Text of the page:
“Of course, I have some friends in the MotoGP world, and the possibility that Ducati might start to make a motocross bike was already starting to spread around a bit, and I was really in touch with Paolo Ciabatti from Ducati,” explained Cairoli of how the Ducati project first got rolling for him. “He knew about my career and was a fan, and when this Ducati motocross news was coming around, I said to him, ‘Is this true? Is Ducati coming with a motocross bike?’ We started talking quite quickly. It was the end of last year. Everything came together quite quickly.”

And like Paolo Ciabatti has made clear all along the way, Cairoli is quite aware that all involved will be basically working off a clean, white sheet of blank paper. “Yeah, yeah, yeah, it is very difficult to do this. Of course, they are really motivated and of course they know how to build bikes. Motocross is a very different and difficult segment for them, but we have some good engineers, and we have some good riders testing the bike, so I think we will move quickly to the front.

“I’ve ridden the bike some time already, and the bike is very, very good. I mean the first time I rode it I was really surprised with the bike because it was only the second or third time that the bike was on dirt. I said to all of them, ‘Really? This is only the second or third time the bike has been on dirt?’ They said, ‘Yeah, we put the bike on a dyno for quite a bit of time, but never on the track.’ I was very surprised with the bike. It is very nice and very easy to ride. Of course, from here to arrive to be competitive, there is still some work to do, you know? It is a very good place to start.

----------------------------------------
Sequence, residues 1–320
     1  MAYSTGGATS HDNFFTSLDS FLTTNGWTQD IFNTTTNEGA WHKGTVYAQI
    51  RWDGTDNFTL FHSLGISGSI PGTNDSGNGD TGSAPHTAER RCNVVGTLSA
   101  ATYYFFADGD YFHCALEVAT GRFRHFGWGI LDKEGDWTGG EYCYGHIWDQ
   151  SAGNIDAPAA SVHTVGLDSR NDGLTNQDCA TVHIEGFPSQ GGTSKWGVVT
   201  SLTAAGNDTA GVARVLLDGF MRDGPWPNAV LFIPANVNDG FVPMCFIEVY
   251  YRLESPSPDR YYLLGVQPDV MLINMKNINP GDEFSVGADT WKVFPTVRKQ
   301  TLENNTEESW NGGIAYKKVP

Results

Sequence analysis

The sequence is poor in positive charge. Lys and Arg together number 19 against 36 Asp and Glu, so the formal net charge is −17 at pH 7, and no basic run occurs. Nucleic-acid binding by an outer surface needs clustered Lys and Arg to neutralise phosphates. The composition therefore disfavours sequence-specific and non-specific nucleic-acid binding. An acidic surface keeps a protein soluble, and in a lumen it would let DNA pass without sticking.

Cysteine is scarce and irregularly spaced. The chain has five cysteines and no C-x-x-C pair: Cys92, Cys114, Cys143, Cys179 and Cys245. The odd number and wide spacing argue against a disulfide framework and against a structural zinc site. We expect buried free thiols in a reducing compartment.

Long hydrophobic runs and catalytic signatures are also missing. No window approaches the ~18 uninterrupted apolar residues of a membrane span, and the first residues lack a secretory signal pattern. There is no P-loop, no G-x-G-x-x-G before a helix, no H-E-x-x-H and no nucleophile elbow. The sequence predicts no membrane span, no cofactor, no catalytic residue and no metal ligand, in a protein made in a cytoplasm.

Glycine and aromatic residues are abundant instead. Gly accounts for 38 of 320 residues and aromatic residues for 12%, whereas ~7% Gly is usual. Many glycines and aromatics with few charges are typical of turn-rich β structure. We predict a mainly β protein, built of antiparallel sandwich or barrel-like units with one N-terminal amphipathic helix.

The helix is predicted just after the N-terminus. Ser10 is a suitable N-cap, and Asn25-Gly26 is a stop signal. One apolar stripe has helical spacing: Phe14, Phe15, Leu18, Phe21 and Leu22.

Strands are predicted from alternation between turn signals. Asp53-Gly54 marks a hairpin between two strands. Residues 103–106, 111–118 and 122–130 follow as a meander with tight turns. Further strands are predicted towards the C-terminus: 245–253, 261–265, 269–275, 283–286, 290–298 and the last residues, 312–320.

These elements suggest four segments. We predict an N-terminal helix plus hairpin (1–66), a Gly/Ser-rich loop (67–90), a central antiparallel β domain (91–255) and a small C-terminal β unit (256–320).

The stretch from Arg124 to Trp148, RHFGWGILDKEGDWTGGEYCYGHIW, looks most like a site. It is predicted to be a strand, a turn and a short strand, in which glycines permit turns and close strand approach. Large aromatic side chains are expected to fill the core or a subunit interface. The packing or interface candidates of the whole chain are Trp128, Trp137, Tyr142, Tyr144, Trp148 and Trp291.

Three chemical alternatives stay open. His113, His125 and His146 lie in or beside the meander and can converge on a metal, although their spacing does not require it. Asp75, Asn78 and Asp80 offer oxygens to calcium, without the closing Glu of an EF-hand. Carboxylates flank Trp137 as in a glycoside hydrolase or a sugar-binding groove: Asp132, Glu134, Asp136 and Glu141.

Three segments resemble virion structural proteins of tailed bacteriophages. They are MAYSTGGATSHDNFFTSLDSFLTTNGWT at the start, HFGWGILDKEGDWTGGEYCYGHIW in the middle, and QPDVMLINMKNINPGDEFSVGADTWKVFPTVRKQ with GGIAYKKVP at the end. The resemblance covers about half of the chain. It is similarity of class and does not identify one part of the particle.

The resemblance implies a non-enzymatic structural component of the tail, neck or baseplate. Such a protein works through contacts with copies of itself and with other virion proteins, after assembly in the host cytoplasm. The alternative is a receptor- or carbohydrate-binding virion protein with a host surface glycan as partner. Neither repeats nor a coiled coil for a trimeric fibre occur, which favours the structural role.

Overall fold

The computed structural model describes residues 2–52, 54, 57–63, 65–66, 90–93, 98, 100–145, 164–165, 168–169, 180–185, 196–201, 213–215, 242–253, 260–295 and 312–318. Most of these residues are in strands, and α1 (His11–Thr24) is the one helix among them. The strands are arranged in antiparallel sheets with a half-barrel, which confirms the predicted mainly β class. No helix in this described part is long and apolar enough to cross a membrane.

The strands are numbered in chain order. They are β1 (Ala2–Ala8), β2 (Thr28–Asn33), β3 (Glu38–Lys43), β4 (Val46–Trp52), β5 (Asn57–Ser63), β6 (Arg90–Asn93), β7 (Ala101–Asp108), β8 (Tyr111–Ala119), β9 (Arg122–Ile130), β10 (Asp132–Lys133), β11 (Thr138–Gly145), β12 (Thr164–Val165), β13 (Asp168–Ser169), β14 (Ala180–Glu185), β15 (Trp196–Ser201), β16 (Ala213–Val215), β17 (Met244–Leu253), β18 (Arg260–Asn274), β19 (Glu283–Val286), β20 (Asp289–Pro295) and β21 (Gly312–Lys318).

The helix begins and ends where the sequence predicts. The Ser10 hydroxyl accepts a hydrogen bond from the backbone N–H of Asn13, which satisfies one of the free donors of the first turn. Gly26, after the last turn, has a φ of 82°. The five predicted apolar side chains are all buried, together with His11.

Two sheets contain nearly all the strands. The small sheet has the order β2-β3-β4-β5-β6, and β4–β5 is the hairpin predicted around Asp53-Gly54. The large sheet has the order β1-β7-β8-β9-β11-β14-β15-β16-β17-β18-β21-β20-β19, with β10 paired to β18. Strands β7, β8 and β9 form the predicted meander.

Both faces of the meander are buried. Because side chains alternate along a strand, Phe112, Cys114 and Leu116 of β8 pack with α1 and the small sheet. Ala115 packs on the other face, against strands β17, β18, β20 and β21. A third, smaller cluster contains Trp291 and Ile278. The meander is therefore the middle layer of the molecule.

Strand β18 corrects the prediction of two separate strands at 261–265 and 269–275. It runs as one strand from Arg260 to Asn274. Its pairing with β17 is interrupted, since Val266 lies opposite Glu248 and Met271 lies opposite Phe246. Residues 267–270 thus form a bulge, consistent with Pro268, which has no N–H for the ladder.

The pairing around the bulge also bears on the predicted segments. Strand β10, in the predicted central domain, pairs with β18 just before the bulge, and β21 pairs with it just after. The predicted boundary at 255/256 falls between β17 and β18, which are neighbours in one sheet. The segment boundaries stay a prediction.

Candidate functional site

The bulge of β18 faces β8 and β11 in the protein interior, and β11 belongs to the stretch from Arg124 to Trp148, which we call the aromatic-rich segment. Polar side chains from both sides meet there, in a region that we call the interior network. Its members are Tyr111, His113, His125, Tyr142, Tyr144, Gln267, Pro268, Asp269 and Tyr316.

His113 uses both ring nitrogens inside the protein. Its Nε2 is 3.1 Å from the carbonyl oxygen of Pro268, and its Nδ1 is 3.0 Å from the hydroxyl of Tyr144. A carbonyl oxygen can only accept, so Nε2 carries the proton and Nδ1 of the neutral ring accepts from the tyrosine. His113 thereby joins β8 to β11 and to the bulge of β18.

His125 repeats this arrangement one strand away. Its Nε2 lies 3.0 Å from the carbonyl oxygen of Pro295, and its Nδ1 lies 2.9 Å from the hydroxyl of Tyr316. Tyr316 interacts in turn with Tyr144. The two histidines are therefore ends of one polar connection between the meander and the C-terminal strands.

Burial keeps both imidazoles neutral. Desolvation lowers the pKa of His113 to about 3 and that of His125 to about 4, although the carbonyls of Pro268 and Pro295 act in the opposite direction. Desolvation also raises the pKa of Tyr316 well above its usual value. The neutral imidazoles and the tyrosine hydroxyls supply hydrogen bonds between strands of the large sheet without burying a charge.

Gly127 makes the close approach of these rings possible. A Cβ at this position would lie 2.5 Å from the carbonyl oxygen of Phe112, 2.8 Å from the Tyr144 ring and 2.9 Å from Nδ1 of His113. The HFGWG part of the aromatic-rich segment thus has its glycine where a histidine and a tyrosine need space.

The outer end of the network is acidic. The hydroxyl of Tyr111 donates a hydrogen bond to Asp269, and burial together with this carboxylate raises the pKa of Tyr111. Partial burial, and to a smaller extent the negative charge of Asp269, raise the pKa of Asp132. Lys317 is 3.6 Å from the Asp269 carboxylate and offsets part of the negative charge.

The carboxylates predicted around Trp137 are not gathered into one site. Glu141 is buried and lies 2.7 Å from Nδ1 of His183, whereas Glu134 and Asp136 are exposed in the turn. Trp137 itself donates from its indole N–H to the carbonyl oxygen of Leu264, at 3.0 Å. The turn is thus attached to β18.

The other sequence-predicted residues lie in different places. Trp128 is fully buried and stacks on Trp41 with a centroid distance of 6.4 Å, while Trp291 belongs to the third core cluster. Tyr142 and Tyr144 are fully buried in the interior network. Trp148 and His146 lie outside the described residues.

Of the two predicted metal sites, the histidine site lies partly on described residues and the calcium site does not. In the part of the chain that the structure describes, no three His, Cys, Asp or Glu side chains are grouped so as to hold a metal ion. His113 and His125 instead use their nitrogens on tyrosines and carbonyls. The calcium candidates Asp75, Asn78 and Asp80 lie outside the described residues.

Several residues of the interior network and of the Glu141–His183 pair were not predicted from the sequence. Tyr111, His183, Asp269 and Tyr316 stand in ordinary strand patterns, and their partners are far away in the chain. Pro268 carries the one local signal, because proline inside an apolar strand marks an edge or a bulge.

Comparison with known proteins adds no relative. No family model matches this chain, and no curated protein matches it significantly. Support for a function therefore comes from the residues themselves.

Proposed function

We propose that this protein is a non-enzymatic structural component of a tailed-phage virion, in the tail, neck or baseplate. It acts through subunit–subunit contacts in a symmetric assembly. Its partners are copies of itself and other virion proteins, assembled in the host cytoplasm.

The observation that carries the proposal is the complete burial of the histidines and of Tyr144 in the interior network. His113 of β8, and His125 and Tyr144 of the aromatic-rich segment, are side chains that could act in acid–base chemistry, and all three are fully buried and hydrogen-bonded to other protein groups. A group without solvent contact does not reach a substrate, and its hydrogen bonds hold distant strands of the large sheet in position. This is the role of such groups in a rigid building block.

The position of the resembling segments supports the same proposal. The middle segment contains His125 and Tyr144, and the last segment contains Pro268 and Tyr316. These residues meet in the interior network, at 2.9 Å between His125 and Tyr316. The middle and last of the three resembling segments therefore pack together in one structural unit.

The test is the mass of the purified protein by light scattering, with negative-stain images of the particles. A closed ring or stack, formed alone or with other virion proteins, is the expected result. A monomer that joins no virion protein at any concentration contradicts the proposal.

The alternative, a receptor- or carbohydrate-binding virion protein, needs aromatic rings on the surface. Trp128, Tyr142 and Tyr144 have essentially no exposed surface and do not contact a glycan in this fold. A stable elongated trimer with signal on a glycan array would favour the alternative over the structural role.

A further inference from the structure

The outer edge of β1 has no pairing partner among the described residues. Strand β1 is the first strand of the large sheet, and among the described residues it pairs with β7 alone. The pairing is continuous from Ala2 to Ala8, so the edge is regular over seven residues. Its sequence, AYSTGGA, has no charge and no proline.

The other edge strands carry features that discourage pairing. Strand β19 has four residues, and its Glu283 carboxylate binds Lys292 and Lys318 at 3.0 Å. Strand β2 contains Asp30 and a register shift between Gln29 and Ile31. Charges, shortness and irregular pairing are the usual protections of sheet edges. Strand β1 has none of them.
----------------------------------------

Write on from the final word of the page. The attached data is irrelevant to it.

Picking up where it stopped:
“I’m completely involved in the development of the bike. We test new stuff and new updates to the motorcycle. Of course, the racing is not really the main part of my plan, at the moment. We’ll continue to develop the bike, and we’ll see how that goes, and then maybe I will do some racing. At the moment that is still far away because we have much work to do to be in front in the moto world. It’s still time to do some work.

“We were testing last week for three days, and now this week we are going to test the next few days. Of course, every time I test, I tell the guys everything, and they go back to the workshop and the factory and prepare the parts. Often times it takes quite a while because everything is still a prototype at the moment.

“You know, for me, this opportunity to go to the Ducati brand is nice, and I really enjoy it. Being a team manager for me came a bit too early. Last year I was manager of the KTM Factory Team, and now it is more riding. I still really enjoy it because I’m still quite fit. I can ride and test, and for me, it is very interesting at the moment. To be a team manager, I will have time later on.

“We are riding a couple of times a week. We have been testing and trying to make the bike ready because Alessandro Lupino, my other teammate and tester for Ducati, has a race next week. We have the first Italian Championship event, and he has to race it. This week and next week, I am trying to set up the bike the best way possible. I’ve been quite busy testing lately. At the moment this is the plan. We are trying to develop the bike for him to be as prepared for this approaching race as possible.”